The present trend of consumer behaviour moving into online media is fast becoming the new normal for many businesses. It’s not surprising that the exact same is true for unconventional education through the multitude of online courses now available online. This has opened more avenues of learning beyond the classroom setting, and has empowered nearly anyone with an idea to share their knowledge.
Whether you wish to teach your hobbies, or something associated with your experience, there are lots of online course platforms (OCP) or learning management systems (LMS) that may help you get started. Some OCPs will offer services from scratch, like making your site, while others focus mainly on assisting you to reach your target audience. The 1st step is discovering which one can transfer your ideas seamlessly onto the screens of your potential students.
With so many LMS to pick from, there’s one company that has stood out for its balance of reasonable pricing, customizability, ease of use, and marketing control. Teachable is the leading choice of creative entrpreneurs, and after pitting it against its competitors, it’s clear why.
Teachable vs Udemy Withcoach vs Teachable
Udemy was one of the pioneers of LMS, which explains how and why their audience is still among the largest markets in the industry: they were there . Udemy and Teachable are currently two of the most popular options in selling online classes, but they are very distinct in essence and progressiveness.
Teachable allows users to build their own course site and market their brand, while Udemy is simply a marketplace for course creators that have existing courses. At the very surface, this means that Teachable lets you use your custom domain while Udemy will have your customers keep coming back to Udemy.com. On another level, Teachable gives you tools to create and customize the entirety of your site, from content editing and building to sales, which are not at all possible on Udemy. Among the more immediate consequences of this is that Teachable allows you to communicate more directly with your clientele, by providing you with access to pupil’s data and information; but once you’re on Udemy’s platform, your students’ information is theirs alone for whatever other purpose it might serve them. And in line with this, Udemy seems to care about selling courses, period; so it’s not just your classes, but every other course on their listing. There have been testimonials that said this, when even competitor’s classes are promoted to clients that the user brought in. Sure, that may work in favor of newer users who could use the advertising, but from the point of view of a loyal user, that business sense could seem overly spammy and unnecessary.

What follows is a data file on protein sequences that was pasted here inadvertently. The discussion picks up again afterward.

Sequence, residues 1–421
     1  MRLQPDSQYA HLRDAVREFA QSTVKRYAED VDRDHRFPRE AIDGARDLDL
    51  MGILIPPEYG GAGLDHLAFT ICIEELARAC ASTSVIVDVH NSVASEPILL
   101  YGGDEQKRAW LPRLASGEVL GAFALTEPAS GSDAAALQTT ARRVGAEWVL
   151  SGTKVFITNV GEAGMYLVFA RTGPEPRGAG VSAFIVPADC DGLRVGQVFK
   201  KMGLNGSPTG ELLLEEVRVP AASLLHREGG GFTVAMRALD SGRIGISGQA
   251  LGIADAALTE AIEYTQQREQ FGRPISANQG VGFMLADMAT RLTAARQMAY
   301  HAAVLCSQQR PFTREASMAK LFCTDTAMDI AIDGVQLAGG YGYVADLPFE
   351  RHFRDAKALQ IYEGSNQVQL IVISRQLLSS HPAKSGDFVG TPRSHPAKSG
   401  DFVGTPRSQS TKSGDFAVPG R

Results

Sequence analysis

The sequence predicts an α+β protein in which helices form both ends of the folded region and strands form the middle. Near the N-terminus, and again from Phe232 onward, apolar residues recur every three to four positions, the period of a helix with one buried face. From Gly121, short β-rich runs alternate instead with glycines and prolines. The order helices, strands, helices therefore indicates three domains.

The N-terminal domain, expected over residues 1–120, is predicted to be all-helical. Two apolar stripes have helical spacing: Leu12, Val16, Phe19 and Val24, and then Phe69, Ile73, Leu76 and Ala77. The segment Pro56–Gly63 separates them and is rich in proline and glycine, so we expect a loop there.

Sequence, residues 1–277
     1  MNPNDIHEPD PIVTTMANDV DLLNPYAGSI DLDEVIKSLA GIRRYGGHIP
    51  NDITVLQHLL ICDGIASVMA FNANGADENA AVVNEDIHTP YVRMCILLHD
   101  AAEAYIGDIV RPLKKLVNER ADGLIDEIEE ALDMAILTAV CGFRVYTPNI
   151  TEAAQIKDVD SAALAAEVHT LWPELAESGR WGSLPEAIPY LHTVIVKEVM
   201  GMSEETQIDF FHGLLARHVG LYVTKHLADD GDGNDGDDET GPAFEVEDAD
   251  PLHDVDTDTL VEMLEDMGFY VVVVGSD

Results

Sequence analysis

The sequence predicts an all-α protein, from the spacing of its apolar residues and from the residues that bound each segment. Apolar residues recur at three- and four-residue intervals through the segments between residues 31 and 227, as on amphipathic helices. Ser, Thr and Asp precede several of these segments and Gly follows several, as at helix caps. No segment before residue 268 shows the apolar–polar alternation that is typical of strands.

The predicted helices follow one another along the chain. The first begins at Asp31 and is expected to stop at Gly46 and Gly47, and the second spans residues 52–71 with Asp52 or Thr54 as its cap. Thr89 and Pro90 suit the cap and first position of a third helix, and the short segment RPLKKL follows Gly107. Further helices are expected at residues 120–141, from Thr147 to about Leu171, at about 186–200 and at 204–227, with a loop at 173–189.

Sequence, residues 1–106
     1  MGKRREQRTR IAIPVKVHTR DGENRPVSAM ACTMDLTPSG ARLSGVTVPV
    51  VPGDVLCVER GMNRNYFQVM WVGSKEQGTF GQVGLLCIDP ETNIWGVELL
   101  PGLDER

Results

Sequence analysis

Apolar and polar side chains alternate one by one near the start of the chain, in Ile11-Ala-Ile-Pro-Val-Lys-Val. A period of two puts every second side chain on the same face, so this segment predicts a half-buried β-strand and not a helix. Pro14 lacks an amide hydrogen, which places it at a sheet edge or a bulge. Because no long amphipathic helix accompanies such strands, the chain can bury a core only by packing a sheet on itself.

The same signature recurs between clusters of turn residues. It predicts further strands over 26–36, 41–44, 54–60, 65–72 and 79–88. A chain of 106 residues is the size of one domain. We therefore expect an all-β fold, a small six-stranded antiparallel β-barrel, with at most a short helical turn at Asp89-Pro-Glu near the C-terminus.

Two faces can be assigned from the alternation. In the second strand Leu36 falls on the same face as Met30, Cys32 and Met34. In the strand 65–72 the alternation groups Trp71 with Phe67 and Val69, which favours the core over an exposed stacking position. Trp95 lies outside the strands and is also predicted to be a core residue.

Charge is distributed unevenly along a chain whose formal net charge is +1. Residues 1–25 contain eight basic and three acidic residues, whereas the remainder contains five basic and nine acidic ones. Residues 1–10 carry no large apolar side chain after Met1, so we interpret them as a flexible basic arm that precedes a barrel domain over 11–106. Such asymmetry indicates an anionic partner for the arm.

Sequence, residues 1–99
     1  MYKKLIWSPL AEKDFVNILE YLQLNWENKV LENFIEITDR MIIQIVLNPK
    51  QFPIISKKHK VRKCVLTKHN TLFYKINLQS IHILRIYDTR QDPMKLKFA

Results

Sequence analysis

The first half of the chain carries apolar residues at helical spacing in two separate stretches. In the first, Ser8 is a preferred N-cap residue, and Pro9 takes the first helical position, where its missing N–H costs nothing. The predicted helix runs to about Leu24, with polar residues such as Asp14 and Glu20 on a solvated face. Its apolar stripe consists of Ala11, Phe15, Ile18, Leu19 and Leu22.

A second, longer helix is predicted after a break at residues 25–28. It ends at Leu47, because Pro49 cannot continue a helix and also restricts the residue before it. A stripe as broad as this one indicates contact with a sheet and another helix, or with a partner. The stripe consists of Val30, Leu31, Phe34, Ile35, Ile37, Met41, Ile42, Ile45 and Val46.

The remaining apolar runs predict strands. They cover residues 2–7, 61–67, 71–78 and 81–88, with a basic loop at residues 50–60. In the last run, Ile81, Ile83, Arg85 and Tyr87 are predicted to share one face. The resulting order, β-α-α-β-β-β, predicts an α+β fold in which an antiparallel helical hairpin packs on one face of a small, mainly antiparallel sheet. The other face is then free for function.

Marketing at a Price
It is Udemy’s cut-throat policies that have turned off many former or potential users. They seem to be aware of the very value of their following, and have taken advantage of it, much to the detriment of the lecturer. True, Teachable does not promote the courses for its users, that responsibility is left entirely to them. In an extreme fashion, Udemy markets their consumer’s courses aggressively, but with a substantial price. That price is a massive chunk of control and earnings.